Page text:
- The Washington Times - Wednesday, October 20, 2004

KIRKSVILLE, Mo. (AP) — A search ended yesterday for five persons missing after a commuter plane crashed and burned as it carried doctors and other medical professionals to a conference. Their bodies were recovered from the wreckage.

Thirteen persons died in the Tuesday crash, but two escaped with little more than broken bones.

“It was remarkable,” said National Transportation Safety Board member Carol Carmody of the survivors.

The plane took off from St. Louis and went down Tuesday night in woods with 15 persons aboard as it came in for a landing in Kirksville, a city of about 17,000.

Miss Carmody didn’t release the identities of those who died, although some have been identified by family members and employers.

Authorities called it a miracle that anyone managed to survive the crash of the Jetstream 32, a 19-seat twin-engine turboprop flown by Corporate Airlines.

Rescuers found the plane’s fuselage in flames, with one of its wings broken off. Other debris, including the tail, was scattered over a half-mile-wide area. Miss Carmody said most of the debris was found in a compact area of about 40 by 60 feet.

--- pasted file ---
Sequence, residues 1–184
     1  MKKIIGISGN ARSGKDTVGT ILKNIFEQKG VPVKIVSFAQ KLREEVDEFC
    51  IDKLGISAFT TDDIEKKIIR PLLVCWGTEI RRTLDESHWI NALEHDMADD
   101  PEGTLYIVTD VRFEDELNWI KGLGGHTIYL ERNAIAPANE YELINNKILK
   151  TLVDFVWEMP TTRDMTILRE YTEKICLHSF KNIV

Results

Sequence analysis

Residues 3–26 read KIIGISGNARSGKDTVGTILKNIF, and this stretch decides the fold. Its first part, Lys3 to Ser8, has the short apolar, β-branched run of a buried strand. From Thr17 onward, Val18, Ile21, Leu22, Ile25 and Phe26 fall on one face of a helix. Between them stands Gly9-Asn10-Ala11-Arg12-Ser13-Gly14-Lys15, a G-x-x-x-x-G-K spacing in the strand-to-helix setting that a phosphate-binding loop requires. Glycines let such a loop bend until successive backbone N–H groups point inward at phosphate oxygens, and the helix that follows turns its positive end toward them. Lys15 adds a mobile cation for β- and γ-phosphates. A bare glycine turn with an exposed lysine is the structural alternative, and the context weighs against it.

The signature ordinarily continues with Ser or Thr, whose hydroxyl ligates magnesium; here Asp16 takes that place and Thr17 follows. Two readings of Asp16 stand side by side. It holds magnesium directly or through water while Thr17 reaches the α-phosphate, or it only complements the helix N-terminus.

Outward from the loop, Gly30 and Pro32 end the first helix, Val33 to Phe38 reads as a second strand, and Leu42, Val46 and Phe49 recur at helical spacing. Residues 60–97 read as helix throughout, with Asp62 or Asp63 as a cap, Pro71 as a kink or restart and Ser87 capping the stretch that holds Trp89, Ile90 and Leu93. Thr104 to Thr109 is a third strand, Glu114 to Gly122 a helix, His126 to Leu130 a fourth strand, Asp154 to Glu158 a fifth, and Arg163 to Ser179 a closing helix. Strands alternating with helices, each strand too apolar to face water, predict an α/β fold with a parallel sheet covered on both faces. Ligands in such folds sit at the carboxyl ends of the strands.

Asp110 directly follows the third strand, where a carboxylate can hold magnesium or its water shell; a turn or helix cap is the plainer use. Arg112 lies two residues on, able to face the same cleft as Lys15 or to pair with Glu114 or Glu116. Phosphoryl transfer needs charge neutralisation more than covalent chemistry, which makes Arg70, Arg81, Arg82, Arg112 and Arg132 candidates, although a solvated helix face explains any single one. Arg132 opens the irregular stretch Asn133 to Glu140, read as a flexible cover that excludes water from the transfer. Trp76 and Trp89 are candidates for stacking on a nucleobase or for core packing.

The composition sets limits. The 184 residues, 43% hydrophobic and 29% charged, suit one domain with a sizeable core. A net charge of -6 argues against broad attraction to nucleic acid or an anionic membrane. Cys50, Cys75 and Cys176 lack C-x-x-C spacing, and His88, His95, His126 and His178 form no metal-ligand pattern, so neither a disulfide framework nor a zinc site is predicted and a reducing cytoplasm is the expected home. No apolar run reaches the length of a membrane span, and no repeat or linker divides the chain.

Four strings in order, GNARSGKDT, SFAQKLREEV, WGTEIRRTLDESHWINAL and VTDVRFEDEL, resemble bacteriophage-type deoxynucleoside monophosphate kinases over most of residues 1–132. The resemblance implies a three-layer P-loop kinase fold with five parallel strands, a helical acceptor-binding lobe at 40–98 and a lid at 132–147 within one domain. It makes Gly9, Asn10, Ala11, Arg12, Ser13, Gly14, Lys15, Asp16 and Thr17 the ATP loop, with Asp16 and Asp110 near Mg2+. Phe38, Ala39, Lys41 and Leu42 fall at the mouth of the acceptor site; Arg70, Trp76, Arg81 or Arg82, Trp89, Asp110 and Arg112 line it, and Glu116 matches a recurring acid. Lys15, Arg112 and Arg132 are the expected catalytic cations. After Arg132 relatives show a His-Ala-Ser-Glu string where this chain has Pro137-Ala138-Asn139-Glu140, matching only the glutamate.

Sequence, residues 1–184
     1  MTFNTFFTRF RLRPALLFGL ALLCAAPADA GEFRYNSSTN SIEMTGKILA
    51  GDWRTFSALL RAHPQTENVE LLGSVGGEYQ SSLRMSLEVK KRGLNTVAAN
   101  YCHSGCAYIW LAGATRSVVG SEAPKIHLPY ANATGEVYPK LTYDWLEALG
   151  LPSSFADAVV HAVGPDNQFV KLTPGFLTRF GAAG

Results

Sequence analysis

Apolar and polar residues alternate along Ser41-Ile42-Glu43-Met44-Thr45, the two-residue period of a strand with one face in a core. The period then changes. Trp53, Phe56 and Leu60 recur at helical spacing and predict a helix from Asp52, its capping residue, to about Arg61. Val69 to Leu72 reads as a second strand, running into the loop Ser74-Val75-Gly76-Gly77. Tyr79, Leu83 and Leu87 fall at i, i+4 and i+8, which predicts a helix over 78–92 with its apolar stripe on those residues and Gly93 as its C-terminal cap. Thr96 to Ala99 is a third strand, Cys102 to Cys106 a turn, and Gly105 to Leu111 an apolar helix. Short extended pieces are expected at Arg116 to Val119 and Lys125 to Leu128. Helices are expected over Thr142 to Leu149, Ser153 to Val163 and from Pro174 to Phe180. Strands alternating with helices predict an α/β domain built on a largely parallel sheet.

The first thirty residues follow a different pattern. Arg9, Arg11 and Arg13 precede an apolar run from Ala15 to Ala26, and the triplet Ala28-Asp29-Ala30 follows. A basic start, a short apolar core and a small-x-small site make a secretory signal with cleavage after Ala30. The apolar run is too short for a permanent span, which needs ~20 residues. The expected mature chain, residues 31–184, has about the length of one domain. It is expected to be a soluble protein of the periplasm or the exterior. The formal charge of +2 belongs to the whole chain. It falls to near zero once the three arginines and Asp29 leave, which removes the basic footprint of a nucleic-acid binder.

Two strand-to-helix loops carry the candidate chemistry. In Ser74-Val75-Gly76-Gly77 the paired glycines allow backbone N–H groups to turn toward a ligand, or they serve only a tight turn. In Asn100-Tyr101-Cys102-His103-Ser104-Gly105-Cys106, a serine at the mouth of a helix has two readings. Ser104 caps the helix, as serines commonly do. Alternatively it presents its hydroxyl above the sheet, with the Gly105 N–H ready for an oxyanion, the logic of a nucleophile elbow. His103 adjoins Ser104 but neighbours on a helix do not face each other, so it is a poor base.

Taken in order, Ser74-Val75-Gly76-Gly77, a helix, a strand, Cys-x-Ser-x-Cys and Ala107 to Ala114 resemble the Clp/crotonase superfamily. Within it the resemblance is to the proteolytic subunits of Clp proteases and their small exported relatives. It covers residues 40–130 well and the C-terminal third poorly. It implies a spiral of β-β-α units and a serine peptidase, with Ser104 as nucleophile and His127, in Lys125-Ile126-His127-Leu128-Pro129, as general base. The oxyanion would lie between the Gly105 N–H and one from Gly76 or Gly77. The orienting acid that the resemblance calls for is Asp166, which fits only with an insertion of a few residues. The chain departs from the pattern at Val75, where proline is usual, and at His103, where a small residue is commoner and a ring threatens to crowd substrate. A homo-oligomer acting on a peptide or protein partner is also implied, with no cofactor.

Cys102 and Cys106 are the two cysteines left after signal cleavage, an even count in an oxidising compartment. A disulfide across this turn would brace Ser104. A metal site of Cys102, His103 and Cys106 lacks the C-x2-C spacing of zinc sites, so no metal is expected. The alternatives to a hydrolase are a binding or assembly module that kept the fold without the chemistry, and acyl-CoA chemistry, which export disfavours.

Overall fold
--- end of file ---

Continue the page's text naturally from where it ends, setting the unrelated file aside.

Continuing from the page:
The two survivors, a 44-year-old woman and a 68-year-old man, suffered only broken bones and some burns, and were in fair condition yesterday.

“We see car accidents with worse injuries coming in here every week,” said Dr. Charles Zeman, director of trauma services at Northeast Regional Medical Center. “This is truly a miracle.”

The wreckage was scattered over an area about a mile across, but the two survivors were discovered “so close to the plane we’re imagining the others probably should have been close to the plane if they survived,” Adair County Chief Deputy Larry Logston said.

Corporate Airlines Flight 5966 was on a regular route from St. Louis with 13 passengers and two crew members aboard when it crashed shortly after 7:50 p.m.

It clipped treetops before crashing on its belly. Emergency crews found the fuselage engulfed in flames and largely intact, with the wings broken off nearby, Deputy Logston said.

Sign up for Daily Newsletters

Manage Newsletters

Copyright © 2020 The Washington Times, LLC. Click here for reprint permission.

Please read our comment policy before commenting.


Click to Read More and View Comments

Click to Hide